Dearest Rachel –
So, as part of my usual morning reading the other day, I was working my way through Ezekiel. And while I had read the passage before a number of times, this time was different:
The word of the Lord came to me: “Son of man, behold, I am about to take the delight of your eyes away from you at a stroke; yet you shall not mourn or weep, nor shall your tears run down. Sigh, but not aloud; make no mourning for the dead. Bind on your turban, and put your shoes on your feet; do not cover your lips, nor eat the bread of men.” So I spoke to the people in the morning, and at evening my wife died. And on the next morning I did as I was commanded.Ezekiel 24:15-18, English Standard Version
What might he have done with that advance knowledge? He couldn’t prevent it, and he went about his day as normal. Or did he try to drink in those last few moments he would share with her, the woman that God knew he loved so much?
“Ezekiel, get up, dear. You need to get out there and preach to the people today. Whatever the Lord tells you to, right?”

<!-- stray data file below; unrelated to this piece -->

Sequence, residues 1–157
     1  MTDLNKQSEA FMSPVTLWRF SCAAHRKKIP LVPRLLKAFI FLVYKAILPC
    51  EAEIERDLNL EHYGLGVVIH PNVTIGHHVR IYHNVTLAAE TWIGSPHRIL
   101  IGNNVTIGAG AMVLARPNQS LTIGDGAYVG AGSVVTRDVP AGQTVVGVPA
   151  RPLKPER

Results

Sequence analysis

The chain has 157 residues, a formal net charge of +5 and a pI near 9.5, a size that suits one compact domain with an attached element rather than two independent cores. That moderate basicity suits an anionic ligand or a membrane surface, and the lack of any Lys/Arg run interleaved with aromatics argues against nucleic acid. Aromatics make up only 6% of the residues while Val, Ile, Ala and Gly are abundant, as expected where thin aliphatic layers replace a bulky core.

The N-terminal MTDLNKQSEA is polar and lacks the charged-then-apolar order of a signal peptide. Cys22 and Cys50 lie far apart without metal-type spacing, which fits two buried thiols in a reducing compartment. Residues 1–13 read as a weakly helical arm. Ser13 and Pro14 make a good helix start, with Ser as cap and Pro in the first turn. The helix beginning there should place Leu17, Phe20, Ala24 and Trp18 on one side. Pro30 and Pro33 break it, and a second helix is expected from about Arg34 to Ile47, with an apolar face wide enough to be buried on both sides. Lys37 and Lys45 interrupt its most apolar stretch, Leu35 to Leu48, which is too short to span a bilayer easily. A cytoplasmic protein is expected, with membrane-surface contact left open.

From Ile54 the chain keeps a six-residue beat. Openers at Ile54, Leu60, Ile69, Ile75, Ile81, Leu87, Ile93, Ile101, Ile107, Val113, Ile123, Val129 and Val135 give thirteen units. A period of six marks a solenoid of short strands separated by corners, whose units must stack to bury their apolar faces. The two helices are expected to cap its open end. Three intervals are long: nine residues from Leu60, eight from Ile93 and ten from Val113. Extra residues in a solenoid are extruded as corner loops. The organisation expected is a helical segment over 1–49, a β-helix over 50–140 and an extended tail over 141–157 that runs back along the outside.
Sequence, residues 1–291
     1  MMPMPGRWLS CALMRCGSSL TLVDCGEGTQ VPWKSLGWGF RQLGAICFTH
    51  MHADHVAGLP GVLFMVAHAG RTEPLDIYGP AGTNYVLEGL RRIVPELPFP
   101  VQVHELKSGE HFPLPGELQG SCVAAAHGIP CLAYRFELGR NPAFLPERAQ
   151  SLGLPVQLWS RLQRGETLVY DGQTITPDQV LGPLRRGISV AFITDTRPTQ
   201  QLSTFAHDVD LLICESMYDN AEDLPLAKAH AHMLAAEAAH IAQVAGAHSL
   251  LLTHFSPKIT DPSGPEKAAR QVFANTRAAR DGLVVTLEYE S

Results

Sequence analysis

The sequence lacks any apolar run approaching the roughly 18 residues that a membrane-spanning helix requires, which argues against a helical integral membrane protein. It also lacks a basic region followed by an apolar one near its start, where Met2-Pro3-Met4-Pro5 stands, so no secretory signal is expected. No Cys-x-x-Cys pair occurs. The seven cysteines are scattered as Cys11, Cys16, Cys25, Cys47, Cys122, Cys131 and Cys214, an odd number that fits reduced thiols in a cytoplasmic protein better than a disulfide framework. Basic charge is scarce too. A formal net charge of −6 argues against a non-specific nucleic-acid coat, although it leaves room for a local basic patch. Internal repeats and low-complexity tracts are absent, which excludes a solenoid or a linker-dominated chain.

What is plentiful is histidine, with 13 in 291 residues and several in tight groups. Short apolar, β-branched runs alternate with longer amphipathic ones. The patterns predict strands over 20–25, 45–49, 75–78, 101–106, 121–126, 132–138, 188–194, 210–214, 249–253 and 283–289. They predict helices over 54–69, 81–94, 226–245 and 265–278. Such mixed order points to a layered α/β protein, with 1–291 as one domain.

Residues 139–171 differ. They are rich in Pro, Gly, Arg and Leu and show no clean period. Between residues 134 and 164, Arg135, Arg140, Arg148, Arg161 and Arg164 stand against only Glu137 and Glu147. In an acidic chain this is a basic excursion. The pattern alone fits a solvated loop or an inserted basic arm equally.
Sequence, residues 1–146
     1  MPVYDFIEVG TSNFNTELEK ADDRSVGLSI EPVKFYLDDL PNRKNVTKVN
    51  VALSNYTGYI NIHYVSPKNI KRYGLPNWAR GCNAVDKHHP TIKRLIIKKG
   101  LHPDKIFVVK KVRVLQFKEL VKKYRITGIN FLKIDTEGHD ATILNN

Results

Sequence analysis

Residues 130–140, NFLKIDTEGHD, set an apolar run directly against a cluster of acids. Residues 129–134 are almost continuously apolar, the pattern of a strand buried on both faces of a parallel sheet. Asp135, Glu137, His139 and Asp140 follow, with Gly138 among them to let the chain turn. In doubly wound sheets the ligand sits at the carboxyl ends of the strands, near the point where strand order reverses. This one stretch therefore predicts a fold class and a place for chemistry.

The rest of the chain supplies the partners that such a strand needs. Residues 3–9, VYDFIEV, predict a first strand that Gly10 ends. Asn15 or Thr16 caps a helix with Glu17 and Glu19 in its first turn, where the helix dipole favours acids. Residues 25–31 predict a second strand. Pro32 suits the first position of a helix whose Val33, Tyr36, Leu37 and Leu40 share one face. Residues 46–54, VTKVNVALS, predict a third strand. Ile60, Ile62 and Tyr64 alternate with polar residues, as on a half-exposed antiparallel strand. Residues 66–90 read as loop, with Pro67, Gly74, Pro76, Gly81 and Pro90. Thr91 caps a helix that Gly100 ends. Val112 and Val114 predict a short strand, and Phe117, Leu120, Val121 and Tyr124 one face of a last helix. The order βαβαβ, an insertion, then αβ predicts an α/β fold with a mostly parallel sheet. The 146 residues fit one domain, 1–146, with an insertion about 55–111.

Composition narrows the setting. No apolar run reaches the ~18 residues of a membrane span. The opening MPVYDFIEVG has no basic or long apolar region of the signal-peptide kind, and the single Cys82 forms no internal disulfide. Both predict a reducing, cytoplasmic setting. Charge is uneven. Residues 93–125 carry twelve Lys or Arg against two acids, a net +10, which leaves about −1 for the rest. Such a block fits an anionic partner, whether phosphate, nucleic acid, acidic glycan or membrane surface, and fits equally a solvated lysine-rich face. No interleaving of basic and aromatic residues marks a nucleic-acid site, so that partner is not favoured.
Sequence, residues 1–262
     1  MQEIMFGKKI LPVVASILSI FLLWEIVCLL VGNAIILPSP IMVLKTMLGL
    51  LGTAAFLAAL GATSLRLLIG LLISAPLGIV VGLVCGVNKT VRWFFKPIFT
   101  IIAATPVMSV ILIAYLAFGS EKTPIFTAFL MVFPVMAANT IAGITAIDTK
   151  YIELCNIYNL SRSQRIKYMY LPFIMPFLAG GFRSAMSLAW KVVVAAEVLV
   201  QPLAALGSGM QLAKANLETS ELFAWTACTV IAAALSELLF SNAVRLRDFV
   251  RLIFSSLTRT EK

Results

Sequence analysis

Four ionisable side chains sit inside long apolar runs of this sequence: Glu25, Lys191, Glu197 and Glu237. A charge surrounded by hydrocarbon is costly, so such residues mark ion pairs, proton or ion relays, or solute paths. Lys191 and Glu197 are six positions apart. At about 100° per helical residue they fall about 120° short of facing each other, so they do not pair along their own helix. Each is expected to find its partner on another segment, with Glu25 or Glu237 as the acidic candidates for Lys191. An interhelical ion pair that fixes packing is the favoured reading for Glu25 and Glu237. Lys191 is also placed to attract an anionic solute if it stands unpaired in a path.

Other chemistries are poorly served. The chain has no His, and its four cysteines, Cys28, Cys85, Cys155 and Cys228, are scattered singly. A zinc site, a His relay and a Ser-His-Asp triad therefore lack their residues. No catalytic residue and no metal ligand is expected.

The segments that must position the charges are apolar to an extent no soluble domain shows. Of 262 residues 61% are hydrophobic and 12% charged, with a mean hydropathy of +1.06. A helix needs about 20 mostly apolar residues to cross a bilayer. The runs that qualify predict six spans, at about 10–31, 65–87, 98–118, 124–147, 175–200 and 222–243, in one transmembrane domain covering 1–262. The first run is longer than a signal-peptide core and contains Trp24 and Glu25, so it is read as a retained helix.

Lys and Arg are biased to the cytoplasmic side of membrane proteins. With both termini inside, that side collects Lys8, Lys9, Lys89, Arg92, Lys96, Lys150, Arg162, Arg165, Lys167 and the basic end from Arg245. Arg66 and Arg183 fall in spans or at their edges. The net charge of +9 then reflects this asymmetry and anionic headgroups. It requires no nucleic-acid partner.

“…yes, that’s right, honey… whatever He says…”
“…Zeke…? Why are you looking at me like that? Are you alright…?”
“…N-never better, honey.”
“Ooh! Zeke, not so hard, hee-hee-hee! You’re squeezing the life out of me!”
“No…! I… I’m so sorry, honey…”
“It’s okay, Zeke. My goodness, what’s gotten into you…?”
“I… I can’t explain it to you, honey. But just… let me look at you again. Once more before I head out…”
“Of course, dear. How’s this? Do you like this pose?”
“Oh… you look wonderful from any angle, honey. Truly… wonderful.”
“Zeke, dear… are you crying? Are you sure you’re going to be okay?”
“Look, you’ve got to do what the Lord tells you. You go tell them what He has to say, and I’ll be waiting for you when you get home. I’ll make your favorite lamb stew, how’s that?”
“Yeah. You take care, and do well. I love you, Zeke.”
“I… I love you, too, honey. I… love you more than I could possibly say.”
“Now, get out there, and knock ’em dead, tiger.”